The 10 Most Common Myths About Adobe’s Creative Cloud Back

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    With over one million customers having already joined in just seven months since it was launched, Adobe’s new Creative Cloud offering has been a success exceeding even the company’s own expectations. Still, there are a lot of misconceptions out there that we see from time to time, or that some folks seem to believe… (do you?)  Here below we dispel and debunk the top 10 most common myths we’ve heard – and hopefully even if you already know the scoop or use Creative Cloud you’ll pick something up… read on!

    What's Inside the Adobe Creative Cloud?

     

    Myth #1: “‘Creative Cloud’ sounds like cloud storage only – which is just a way to store your files, and I already have Dropbox which is free.”

    Some may find the name misleading – but the Creative Cloud is actually a comprehensive collection of creative tools and services including all fourteen CS6 productsAcrobat XI Pro,Adobe MuseLightroom 4Digital Publishing SuiteAdobe Edge, and more… You do also get 2-20 gigabytes of online storage space for sharing, syncing, and intelligent viewing of your files, but that is only one piece of of the big picture.

    Myth #2: “I don’t want to be constantly connected to the Internet to start and run my creative apps; what happens when I’m on a plane?”

    You do not have to be continually connected to the Internet.  Once your applications are installed, online access is only required once per month for revalidation of your membership. And there are solutions in place if you will be offline for an extended period – like traveling for a couple months without web access… just contact Customer Service.

    Debunking the Myths About Adobe Creative Cloud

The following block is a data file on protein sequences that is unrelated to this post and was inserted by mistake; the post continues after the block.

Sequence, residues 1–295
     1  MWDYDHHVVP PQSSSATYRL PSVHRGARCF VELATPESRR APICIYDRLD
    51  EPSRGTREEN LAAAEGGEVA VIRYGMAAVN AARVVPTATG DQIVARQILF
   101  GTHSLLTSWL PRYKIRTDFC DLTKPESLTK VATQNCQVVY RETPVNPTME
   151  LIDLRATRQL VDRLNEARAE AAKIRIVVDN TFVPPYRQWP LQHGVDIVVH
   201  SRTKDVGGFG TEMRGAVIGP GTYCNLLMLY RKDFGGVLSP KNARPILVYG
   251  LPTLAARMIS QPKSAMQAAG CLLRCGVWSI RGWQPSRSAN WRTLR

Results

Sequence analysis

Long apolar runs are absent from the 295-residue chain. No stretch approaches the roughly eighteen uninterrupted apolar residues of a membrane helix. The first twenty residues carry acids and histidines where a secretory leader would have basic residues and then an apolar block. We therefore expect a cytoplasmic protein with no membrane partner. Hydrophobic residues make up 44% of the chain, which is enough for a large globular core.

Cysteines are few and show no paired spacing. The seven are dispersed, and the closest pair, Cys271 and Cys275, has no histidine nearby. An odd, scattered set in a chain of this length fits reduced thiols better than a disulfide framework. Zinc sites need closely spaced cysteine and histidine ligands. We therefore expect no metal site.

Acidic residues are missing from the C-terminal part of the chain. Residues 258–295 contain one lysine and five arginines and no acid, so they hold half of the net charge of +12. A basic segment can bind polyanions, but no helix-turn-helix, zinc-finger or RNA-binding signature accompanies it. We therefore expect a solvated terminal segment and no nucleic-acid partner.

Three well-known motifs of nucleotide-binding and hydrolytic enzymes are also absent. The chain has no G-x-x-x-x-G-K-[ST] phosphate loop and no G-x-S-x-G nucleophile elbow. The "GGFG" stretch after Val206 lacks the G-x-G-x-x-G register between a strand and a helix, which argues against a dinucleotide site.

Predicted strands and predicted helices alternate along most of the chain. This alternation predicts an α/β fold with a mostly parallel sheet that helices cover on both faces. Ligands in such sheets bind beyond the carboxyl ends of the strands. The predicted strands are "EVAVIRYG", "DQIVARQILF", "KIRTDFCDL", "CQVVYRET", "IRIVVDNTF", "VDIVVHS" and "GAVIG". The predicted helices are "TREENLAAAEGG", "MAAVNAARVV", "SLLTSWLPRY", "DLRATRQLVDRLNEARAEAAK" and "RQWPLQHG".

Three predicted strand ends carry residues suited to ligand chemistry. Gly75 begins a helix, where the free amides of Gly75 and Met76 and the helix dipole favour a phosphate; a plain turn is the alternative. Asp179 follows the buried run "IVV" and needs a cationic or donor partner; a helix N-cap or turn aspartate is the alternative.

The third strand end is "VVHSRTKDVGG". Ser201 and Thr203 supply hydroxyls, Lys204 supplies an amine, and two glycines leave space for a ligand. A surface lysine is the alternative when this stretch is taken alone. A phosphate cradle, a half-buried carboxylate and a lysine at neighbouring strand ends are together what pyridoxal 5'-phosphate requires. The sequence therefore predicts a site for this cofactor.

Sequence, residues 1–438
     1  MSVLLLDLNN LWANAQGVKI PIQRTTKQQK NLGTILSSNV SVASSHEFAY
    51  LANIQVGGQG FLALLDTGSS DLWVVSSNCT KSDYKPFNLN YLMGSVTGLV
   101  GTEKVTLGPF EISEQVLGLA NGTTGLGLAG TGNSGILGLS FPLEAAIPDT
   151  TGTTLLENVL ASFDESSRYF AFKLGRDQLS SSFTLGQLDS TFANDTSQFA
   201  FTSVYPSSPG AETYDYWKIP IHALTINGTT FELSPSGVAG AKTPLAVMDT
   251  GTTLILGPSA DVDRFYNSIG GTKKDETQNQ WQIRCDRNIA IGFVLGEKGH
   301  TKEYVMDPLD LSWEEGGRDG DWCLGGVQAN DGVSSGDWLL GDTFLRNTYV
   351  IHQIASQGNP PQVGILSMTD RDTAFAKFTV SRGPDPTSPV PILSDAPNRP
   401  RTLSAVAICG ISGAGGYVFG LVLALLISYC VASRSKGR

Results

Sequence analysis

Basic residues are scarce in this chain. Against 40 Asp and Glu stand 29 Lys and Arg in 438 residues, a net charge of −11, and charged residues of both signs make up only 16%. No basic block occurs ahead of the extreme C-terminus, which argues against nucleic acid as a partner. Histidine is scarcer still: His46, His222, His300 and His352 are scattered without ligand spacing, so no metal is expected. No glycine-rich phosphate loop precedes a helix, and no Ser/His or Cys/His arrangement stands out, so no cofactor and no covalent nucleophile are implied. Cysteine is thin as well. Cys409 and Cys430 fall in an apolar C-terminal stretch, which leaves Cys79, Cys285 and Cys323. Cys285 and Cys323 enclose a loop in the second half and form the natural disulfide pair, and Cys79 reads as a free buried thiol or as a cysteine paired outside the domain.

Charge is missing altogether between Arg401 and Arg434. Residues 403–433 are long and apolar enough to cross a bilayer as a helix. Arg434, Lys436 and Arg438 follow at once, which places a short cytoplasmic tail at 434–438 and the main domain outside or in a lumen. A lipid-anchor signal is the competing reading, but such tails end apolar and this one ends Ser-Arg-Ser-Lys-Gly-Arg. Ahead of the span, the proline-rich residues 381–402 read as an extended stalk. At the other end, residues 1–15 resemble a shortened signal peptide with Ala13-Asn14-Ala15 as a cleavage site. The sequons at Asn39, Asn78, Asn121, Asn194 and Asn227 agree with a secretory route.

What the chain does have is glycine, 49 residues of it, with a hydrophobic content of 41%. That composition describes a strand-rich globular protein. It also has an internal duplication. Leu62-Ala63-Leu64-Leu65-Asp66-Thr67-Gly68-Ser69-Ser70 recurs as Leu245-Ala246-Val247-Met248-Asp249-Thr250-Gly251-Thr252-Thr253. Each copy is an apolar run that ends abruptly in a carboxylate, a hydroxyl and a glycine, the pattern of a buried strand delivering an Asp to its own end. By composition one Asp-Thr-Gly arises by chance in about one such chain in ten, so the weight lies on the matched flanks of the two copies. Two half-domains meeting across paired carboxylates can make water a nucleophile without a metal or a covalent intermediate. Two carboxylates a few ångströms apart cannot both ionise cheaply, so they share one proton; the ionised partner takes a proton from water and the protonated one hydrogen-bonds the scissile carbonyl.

Myth #3: “The applications can’t be very powerful if they are running in a browser – trying to run Photoshop over the web is going to be really slow.”

    None of the the products mentioned above are hosted or web-based versions… These are desktop applications you download and install on your computer, and work just like usual – these are not web applications, it’s not“software as a service” (SaaS), and your CS6 programs like Photoshop will run the same as always.

    Myth #4: “The subscription model sounds like it might be more expensive than perpetual licensing, so it may not be worth it to me.”

    When you add up the price tags of all the individual products you can install and use in the Creative Cloud, the total value is more than US$10,000. The CS6 Master Suite by itself sells for $2,600, and that’s just part of what you get… All upgrades are included, as well as early access to new features and free professional training. You can access all of these leading products for $19-$49 a month, one year at a time – compare the two options in detail here.

    Myth #5: “So I can have the entire latest Master Collection and more for $1-2/day, and do anything with it – it must be too good to be true, no?”

    There’s no catch. It works exactly as described, you can imagine and create without bound­aries using all of the world’s best tools for photo, image, video, audio, graphics, illustration, web, print, mobile, publishing, gaming, animation, development and design – and so far the overall user reviews and ratings are close to 5 stars out of five.  And if you only want to use one single application, then you can sign up for even less with a Single-App Membership.